Tag Archives: witness

Lymond 1: the anti-hero and the witness

to people who are more clever than I (but see how clever I am! I even use correct grammar!) this may be obvious. To me it was not.

It is very, very difficult to write a successful anti-hero if you allow the reader inside his head.

This answers a lot of questions as to why bad-boy romance heroes are so often nauseatingly noble and misunderstood. Or rather, why the fact that they are noble and misunderstood is nauseating.

We are inside their head, we are privy to their struggle and their real motivations, and the things driving them that no-one else can see or know. Unless done with a masterful touch, being inside their head bursts the bubble of cool around them.

Dunnett’s incomparable anti-hero, Lymond, is almost always seen from the outside. We are not privy to his motivations or his plans. This distance creates the tension at the heart of the books:

His actions from the outside look villainous, cold and destructive; we see him as his world sees him. As the narrative draws to its climax the two versions of Lymond become mutually exclusive – one must give way to the other. It is then that we’re let in on the master plan that retrospectively reshapes the whole narrative, and transforms Lymond into a hero – albeit a dangerous, complex and self-destructive one.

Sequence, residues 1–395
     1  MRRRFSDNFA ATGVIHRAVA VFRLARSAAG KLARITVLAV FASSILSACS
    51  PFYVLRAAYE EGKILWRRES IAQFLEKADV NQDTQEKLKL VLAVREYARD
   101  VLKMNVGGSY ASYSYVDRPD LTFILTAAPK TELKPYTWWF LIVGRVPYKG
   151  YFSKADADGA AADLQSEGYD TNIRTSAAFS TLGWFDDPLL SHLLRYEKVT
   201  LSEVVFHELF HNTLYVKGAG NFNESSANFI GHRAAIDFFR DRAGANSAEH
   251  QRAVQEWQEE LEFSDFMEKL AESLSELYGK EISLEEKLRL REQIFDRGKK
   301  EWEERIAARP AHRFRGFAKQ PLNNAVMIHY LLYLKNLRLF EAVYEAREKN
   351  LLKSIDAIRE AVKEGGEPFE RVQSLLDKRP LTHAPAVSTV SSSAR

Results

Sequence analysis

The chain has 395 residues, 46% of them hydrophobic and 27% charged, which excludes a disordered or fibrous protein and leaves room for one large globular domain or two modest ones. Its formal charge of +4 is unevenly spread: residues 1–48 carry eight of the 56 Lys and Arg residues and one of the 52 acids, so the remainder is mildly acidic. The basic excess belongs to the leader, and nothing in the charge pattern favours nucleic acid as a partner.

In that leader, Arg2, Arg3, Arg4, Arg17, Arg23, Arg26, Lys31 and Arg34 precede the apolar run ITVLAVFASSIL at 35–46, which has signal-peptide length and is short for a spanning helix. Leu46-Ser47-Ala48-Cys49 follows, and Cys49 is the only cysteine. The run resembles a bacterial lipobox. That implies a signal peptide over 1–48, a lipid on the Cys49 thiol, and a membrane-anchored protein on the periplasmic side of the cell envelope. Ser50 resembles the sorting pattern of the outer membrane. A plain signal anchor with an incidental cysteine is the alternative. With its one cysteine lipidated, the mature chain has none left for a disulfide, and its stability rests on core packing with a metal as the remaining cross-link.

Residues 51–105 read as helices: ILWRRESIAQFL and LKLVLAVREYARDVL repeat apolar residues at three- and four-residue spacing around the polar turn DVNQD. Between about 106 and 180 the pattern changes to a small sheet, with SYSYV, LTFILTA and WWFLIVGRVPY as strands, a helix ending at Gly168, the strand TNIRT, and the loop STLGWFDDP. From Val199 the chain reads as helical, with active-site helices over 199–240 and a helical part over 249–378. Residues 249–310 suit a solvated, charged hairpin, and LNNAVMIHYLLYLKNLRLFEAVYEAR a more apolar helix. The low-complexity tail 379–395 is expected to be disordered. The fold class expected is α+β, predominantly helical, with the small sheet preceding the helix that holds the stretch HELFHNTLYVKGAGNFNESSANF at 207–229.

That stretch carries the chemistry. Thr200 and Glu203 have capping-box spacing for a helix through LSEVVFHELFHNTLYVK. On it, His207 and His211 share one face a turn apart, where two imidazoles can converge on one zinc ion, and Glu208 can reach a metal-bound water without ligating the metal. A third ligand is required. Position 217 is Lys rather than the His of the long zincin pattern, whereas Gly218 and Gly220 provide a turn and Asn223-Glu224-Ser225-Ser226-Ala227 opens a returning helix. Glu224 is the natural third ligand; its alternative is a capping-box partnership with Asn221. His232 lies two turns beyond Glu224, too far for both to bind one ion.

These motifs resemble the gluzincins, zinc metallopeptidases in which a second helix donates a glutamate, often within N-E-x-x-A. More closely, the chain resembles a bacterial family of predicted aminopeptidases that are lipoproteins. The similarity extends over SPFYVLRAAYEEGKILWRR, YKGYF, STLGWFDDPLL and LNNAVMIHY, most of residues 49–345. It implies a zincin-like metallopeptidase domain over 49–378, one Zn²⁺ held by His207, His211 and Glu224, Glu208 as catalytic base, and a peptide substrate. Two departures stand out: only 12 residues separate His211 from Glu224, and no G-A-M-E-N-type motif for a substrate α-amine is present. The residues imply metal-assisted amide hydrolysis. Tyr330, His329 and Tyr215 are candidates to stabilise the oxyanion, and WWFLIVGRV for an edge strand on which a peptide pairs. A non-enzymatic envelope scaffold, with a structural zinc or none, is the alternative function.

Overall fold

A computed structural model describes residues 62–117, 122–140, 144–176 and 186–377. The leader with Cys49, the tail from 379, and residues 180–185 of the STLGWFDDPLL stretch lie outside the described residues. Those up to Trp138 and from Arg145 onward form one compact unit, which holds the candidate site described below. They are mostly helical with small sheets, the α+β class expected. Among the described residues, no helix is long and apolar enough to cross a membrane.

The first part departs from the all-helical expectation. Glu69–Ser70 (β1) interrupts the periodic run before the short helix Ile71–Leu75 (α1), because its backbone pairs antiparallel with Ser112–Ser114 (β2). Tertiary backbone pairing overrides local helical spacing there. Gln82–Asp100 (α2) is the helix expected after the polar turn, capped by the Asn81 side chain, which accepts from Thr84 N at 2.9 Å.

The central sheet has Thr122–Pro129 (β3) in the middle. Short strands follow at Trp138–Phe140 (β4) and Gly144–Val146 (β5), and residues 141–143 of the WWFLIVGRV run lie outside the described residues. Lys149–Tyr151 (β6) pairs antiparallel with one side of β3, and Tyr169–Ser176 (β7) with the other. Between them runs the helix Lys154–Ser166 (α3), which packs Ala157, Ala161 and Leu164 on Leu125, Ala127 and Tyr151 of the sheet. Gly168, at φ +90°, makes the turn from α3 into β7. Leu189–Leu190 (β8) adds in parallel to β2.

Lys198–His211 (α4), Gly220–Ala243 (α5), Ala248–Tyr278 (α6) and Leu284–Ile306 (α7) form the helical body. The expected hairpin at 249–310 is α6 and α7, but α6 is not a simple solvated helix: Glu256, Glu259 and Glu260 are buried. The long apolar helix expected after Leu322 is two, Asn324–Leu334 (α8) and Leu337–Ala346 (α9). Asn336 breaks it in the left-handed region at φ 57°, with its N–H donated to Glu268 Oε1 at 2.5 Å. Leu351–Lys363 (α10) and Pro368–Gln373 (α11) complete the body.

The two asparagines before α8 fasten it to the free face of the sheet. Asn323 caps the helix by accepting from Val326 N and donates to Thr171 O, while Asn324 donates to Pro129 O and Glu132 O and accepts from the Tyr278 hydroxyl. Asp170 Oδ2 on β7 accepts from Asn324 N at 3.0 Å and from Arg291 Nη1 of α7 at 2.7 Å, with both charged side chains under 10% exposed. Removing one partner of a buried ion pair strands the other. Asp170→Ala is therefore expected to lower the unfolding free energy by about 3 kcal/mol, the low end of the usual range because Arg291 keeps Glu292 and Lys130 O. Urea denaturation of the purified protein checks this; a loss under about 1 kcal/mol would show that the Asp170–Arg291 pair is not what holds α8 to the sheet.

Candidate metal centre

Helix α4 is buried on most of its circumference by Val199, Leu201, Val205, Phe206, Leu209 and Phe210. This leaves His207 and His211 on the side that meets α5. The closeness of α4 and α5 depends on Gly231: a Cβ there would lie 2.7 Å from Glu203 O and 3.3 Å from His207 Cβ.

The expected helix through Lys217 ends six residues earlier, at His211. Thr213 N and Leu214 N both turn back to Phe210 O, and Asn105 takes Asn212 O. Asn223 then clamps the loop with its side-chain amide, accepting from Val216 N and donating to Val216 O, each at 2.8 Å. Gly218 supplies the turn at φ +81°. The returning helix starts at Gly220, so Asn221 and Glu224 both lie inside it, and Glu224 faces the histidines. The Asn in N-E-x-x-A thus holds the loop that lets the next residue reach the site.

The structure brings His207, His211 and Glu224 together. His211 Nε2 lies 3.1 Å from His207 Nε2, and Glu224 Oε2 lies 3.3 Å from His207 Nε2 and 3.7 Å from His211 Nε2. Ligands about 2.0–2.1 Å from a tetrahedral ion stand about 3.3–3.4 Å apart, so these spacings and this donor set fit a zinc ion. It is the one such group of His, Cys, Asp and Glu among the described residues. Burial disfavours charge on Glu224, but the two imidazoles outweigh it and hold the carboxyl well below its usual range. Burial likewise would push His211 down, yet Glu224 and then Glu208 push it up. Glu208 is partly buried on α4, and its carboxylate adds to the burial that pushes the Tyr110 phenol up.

In being kept distant from him we long for access, as the people around him long for access, and this slavish devotion to a character who won’t share himself, no matter the cost, lies at the heart of the series.

And how does she keep us out? Enter the Witness.

Each novel takes a different kind of witness: a person who falls in with him, and tries to make him out, and fails. In Queen’s Play, Lymond even becomes the witness to himself as his disguised self begins to take over his true self. In carefully choosing what these witnesses want from Lymond, and by what ideology they order the world, Dunnett is able to show Lymond in whatever deceptive light she choses.

The final element that I think makes this such an effective technique – the hero misunderstood by the witness – is that Lymond never feels compelled to defend or explain himself. He allows himself to be misunderstood because common opinion is not important to him. His actions speak for him, the man who can speak circles around any subject on earth.